Sunday June 21 Wellington
Seven thousand girls, 30 police officers, the Te Pataka concert party, some egg throwers, and a handful of bemused baggage handlers are on hand at Wellington airport to welcome the TEAL Lockheed Electra carrying the Beatles with the screaming starting 45 minutes before touchdown.
One of the first to meet them was airline traffic supervisor Peter Andrews.
""As traffic supervisor for TEAL at Wellington Airport my job was to ensure the timely turnaround of Electra flights from and to Sydney and Melbourne. When I learned that the Beatles were due to arrive at the airport my immediate concerns related to likely congestion in the terminal. A cunning plan was devised.
"I found a drawing of a Lockheed Electra in a company maintenance manual and traced an outline of the plane. From that I formed a cardboard cut-out of the plane and, along with a map of the airport taxiways, I called on John Redstone the airport manager and placed the cardboard cut-out on taxiway adjacent to the fence surrounding the airport.
The idea was to stop the aircraft at a point on the taxiway so that fans behind the fence could see the Beatles disembark. And that's how it turned out.
"The aircraft came to a halt and shut down the two port engines. Along with Customs, Health and Agriculture we met the group in the first class cabin at the rear of the plane.
"I met each Beatle and welcomed them to NZ and got their signatures on a flight menu. The group disembarked and chaos ensued. The Beatles drove up and down the taxiway and headed in to the city. We pulled the gangway away; the pilot started up the two port engines and taxied on to its, regular park for a normal on time turnaround.
"As a footnote the following year I was transferred to another company position in Auckland and somehow the menu got lost along the way. It might have been worth something."
Once on the ground they are ushered onto a Holden ute for a lap of the airport before being paraded through the city to the St George Hotel, where they were snuck in through the bottle shop. The elevator breaks down trapping them between floors.
After police used dogs to shepherd the huge crowd, the Beatles finally appear on a balcony with two men climbing a fire escape to join them and a group of Cliff Richard fans venting their disapproval. A press conference follows, then the Beatles watch television before retiring to their twin bedrooms. A news report said "Their hair appeared longer and considerably more shaggy than shown in most photographs."
Monday June 22 Wellington
The Beatles spend day in their hotel, phoning home, and writing letters. John Lennon and Ringo Starr find time to meet their respective second cousins.
Tuesday June 23 Wellington
Their second Wellington show. One of the support acts, New Zealand's own 50s-style rocker Johnny Devlin, complains loudly about the sound quality.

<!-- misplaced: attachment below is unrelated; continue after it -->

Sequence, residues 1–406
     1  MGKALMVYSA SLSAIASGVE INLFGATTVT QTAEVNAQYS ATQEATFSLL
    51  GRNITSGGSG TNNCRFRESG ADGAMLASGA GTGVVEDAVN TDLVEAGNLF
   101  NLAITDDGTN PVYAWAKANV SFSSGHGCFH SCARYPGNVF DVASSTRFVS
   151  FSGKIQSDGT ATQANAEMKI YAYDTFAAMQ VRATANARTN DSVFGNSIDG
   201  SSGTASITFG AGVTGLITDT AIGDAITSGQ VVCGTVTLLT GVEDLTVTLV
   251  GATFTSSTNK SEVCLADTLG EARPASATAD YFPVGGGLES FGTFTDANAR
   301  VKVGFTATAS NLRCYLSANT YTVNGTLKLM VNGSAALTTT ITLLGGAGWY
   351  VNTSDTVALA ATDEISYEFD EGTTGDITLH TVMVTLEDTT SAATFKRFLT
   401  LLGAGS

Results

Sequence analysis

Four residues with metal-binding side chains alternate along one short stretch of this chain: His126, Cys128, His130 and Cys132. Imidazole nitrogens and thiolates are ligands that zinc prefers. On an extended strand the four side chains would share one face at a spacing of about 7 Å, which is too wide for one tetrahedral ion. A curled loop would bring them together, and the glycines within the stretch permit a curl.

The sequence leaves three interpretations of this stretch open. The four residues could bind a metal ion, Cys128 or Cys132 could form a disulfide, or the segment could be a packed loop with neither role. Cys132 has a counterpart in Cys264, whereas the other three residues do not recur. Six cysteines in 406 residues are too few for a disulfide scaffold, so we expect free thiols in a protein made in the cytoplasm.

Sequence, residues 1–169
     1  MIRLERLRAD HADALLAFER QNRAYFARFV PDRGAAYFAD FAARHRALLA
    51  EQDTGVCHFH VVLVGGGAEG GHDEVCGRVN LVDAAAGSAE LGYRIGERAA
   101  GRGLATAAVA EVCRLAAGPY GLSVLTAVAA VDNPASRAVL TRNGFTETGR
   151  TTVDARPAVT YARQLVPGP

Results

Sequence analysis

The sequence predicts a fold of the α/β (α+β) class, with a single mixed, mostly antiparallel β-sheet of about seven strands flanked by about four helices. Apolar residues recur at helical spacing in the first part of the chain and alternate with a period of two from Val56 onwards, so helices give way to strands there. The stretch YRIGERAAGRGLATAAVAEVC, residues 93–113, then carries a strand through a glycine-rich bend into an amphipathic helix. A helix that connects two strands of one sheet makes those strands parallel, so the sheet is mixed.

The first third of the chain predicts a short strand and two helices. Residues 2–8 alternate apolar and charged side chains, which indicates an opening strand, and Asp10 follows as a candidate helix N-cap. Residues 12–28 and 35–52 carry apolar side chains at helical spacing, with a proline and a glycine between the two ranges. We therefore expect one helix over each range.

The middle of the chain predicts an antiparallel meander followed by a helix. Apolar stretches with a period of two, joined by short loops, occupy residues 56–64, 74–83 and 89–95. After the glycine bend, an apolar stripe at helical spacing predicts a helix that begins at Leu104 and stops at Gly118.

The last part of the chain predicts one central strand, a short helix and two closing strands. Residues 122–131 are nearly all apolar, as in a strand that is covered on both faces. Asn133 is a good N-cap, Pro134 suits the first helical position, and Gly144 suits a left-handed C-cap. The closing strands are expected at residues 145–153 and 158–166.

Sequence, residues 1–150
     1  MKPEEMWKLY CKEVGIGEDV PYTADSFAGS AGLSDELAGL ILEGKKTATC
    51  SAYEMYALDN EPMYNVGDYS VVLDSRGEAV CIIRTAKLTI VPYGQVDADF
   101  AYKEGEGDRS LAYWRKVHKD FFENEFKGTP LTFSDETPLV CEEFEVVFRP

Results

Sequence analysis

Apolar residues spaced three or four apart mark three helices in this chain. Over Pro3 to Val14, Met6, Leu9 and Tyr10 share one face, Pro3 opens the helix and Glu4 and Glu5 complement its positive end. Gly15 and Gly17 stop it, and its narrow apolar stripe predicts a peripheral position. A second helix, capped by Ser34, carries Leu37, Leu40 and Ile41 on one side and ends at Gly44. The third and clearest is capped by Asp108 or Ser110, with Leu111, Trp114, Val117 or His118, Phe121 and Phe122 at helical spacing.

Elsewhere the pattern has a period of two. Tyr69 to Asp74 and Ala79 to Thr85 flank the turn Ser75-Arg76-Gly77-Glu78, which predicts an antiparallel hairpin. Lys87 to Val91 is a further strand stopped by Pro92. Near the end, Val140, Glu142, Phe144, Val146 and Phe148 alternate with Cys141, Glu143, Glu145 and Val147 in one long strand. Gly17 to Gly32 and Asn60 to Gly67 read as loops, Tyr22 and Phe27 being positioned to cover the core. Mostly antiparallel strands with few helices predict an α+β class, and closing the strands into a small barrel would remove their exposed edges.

Wednesday June 24 Auckland
Auckland fans are angry after officials sneak the group out of Whenuapai Airport. The police's attitude is shown by an officer who reportedly told a tour manager: "We didn't want 'em here and I don't know why you brought 'em."
The Beatles hold at press conference at their hotel after their arrival where the questions include their reaction to the previous night's Wellington shows where there had been one or two stage invaders. McCartney: "The thing is when you look at them, the fellas and the girls who jump up, you realise they're not going to belt you or anything, they're not trying to get you really, they're just coming up to say hello." Also on the gathered journalists' agenda: What did they think of rugby (not much); what did they think of Howard Morrison's parody song I Wanna Cut Your Hair (hadn't heard it) and what did they think of the press (not much)?
Thursday June 25 Auckland
Before their second show, Auckland mayor, (Sir) Dove-Meyer Robinson holds a civic reception, controversially costing 60 pounds, for the band outside the town hall and in front of 7000 screaming fans.
Hear the songs The Beatles played in their Auckland shows as they appeared in the setlist...
Thursday June 26 Dunedin
Again, only three officers are on hand to control the crowd welcoming the band to Dunedin. With only a 1m lane between the hotel and the crowd to scuttle down, all four are mauled trying to get inside.
Friday June 27 Christchurch
A fan throws herself at the Beatles car, bounces off the bonnet and is later invited to meet the band and have a coffee.
Saturday June 28 Christchurch
Two thousand people watch the Beatles leave the Clarendon Hotel with another 2000 waiting at the airport.
Stay tuned: nzherald.co.nz is running a series of stories this week on The Beatles' 1964 tour of New Zealand.